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I've done this with DC motors by determining the inductance and then computing tao = L/R where L is the inductance of the coil and R is the resistance of the coil.

Is there a best-practice way to determining the electrical time constant of a BLDC motor? How should I go about measuring the inductance?

I'm interested in this because for DC motors I have been following the rule-of-thumb that your PWM frequency should be greater than or equal to one over the time constant of the motor to mitigate the torque ripple, etc.

Thanks in advance for any help you can offer.

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  • \$\begingroup\$ Are we talking about a BLDC motor with a controller included here? \$\endgroup\$ – Phil Frost Jan 8 '13 at 1:34
  • \$\begingroup\$ no, just the bldc motor by itself. how might i give it a step input and quantify the rise time on an o-scope? \$\endgroup\$ – tarabyte Jan 8 '13 at 16:07
  • \$\begingroup\$ is this not computed as tao = L_twoInductors / R_twoInductors? \$\endgroup\$ – tarabyte Jan 8 '13 at 19:40
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The motor will have either three or four leads. If there are four, the winding configuration is almost surely a "Y" or "wye" configuration and one of the leads is the center-point.

enter image description here

If you have the four-lead variety, identify the center-point by measuring the resistance between the leads. The center-point will have half the resistance to each of the other leads. Once you have identified the center-point, make note of which it is, then ignore it.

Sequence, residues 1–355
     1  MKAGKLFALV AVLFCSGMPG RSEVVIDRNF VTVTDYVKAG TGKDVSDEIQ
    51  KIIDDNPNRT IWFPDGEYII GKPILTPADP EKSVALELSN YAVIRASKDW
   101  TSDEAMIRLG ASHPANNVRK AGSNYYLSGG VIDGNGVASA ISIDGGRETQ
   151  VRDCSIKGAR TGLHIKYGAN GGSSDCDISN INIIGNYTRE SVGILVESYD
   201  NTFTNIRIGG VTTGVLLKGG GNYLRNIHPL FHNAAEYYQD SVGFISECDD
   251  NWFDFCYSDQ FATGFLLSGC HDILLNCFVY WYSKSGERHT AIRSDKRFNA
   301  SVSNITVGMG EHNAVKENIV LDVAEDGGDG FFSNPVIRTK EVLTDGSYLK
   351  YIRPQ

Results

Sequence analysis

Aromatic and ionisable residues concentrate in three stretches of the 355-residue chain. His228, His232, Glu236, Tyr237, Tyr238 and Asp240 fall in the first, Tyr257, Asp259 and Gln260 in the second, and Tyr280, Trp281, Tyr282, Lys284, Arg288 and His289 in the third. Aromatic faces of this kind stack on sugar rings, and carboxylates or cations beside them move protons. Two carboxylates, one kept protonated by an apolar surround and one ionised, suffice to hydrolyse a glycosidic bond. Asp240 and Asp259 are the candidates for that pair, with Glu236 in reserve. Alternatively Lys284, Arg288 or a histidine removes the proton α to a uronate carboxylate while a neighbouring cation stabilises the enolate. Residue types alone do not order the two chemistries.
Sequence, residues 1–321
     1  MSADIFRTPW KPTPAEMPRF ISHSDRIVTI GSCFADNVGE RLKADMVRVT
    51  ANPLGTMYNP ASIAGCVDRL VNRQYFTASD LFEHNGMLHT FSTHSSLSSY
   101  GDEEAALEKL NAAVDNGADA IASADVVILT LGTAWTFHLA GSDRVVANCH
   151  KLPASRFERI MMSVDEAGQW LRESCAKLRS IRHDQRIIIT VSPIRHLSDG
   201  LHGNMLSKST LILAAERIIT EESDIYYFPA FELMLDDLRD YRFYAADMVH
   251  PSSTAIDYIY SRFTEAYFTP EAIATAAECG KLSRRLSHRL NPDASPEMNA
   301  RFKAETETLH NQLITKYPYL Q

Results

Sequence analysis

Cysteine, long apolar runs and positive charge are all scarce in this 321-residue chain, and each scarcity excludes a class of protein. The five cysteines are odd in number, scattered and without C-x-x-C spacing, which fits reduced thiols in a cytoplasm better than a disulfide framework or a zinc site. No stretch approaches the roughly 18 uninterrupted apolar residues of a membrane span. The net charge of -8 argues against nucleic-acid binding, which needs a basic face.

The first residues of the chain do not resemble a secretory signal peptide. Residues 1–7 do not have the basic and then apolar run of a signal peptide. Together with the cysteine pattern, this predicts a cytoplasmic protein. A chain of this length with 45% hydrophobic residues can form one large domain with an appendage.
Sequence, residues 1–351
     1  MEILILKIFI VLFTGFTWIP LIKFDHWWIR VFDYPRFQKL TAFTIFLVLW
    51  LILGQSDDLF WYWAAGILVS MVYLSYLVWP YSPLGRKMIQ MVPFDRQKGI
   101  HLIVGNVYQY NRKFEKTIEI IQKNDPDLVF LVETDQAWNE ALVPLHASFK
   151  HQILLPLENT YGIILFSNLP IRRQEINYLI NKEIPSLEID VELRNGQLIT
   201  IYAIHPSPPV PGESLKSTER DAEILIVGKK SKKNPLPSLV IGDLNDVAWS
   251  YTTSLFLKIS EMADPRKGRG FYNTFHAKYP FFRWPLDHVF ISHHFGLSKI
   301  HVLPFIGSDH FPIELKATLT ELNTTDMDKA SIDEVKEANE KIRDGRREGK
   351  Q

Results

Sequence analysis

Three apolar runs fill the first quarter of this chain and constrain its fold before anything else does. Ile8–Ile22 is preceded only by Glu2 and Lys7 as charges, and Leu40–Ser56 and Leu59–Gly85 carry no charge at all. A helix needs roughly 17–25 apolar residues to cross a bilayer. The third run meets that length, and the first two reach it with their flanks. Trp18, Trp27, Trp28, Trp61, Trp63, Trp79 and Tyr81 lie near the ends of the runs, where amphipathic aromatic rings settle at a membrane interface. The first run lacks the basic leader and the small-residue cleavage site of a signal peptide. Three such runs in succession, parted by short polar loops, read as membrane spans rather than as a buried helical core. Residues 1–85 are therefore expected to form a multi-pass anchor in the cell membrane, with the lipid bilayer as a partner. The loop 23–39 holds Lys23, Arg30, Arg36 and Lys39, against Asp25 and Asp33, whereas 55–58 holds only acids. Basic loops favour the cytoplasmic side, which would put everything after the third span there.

Having possibly ignored the center-point, pick any two leads. It doesn't matter which two. You can then measure the inductance and resistance between those.

For a more empirical approach to determining a suitable PWM frequency, pick one arbitrarily. Construct some means to measure the current flowing through the motor's windings. Measuring the voltage drop over a MOSFET in the drive circuitry is a reasonable approximation given \$R_{ds\_on}\$ from the datasheet. If you see the current changing significantly in a single switching period, then your PWM frequency is too low.

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  • \$\begingroup\$ it is a three-lead bldc. the empirical approach is useful. i need a better multimeter to measure the inductance, but the resistance (for two phases) is ~75 Ohm. \$\endgroup\$ – tarabyte Jan 8 '13 at 20:38
  • \$\begingroup\$ it does not matter whether it's delta or star, both are interchangeable. Delta network is magnetically and electrically completely equivalent to a star network. \$\endgroup\$ – Standard Sandun Jan 9 '13 at 3:49
  • \$\begingroup\$ @sandundhammika What? How can they be completely equivalent? They don't even look similar. To point out one pretty huge difference, if I apply a voltage across \$N_1\$ and \$N_2\$, current can flow in all three legs in a delta configuration. In a wye configuration, no current can flow in \$R_3\$. \$\endgroup\$ – Phil Frost Jan 9 '13 at 3:56
  • \$\begingroup\$ I mean a delta to star conversion. See wiki page. \$\endgroup\$ – Standard Sandun Jan 9 '13 at 8:09

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